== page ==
Post by cassowary » Tue Jun 11, 2019 4:24 am

neverfail wrote:
Tue Jun 11, 2019 1:44 am
cassowary wrote:
Mon Jun 10, 2019 2:48 pm
Sorry never fail. I misunderstood.
All is well Cass.

The fact that I underlined so much was due to some kind of glitch. I still know not whether it was in my computer or with the website software.
Funny. I had the same problem.
The Imp :D

neverfail
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Re: Trade War

Post by neverfail » Tue Jun 11, 2019 5:56 am

cassowary wrote:
Tue Jun 11, 2019 4:24 am
neverfail wrote:
Tue Jun 11, 2019 1:44 am
cassowary wrote:
Mon Jun 10, 2019 2:48 pm
Sorry never fail. I misunderstood.
All is well Cass.

The fact that I underlined so much was due to some kind of glitch. I still know not whether it was in my computer or with the website software.
Funny. I had the same problem.
It must have been the website then.

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Doc
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Re: Trade War

Post by Doc » Fri Jun 14, 2019 11:19 am

https://www.breitbart.com/asia/2019/06/ ... roduction/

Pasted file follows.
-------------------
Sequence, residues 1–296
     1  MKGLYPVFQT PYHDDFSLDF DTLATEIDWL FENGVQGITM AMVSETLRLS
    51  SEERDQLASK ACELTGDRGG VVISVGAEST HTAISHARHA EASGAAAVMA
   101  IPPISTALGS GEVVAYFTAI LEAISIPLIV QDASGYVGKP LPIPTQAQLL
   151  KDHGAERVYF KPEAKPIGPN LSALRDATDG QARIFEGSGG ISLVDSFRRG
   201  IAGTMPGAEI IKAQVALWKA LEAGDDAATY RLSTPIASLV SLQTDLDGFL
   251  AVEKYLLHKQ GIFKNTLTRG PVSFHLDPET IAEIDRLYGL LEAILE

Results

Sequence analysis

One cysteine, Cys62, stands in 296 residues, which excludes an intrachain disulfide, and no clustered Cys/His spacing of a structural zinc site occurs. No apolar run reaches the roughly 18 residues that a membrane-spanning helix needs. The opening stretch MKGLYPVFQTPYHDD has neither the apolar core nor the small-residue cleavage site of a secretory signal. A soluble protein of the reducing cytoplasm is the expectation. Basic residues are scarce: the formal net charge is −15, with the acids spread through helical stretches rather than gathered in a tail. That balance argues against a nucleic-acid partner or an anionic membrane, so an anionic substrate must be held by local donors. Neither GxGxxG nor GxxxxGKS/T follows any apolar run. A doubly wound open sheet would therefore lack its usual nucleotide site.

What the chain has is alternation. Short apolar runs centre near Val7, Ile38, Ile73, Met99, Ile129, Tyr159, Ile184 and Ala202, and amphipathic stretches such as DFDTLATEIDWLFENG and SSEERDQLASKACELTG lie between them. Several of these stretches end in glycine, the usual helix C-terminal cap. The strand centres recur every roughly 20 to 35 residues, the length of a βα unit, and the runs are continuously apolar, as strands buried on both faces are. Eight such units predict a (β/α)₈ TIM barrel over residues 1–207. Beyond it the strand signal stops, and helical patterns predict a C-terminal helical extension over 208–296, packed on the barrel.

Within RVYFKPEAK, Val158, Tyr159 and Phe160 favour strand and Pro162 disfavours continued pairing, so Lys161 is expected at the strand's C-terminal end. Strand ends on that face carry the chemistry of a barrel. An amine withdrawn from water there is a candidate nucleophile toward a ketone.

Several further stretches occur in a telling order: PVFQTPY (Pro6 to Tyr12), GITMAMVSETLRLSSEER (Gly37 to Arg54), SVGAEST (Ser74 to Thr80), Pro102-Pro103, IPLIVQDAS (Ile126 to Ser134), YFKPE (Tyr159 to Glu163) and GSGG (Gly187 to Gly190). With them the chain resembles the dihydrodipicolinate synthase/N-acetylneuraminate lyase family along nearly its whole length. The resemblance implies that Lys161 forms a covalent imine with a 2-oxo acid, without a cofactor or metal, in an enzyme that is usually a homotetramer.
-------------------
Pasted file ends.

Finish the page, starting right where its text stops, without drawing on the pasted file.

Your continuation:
U.S. Factory Production Ramps Up While China Industrial Output Grinds to Slowest Since 2002

U.S. factory production bounced back in May after a four-month slump while the growth of industrial output in China fell to its slowest pace since 2002.

Manufacturing output rose 0.2 percent after a 0.5 percent decline in April, according to data from the Federal Reserve released Friday. Manufacturing makes up around 75 percent of total industrial production and accounts for about 12 percent of the U.S. economy.

Overall industrial production, which adds mining and utilities to factories, increased 0.4 percent in May, better than expected. April’s contraction was revised to an improved 0.4 percent decrease.

Data from China Friday showed that growth in industrial output had slowed to the weakest pace since 2002, indicating that U.S. tariffs are taking a toll on the world’s second-largest economy.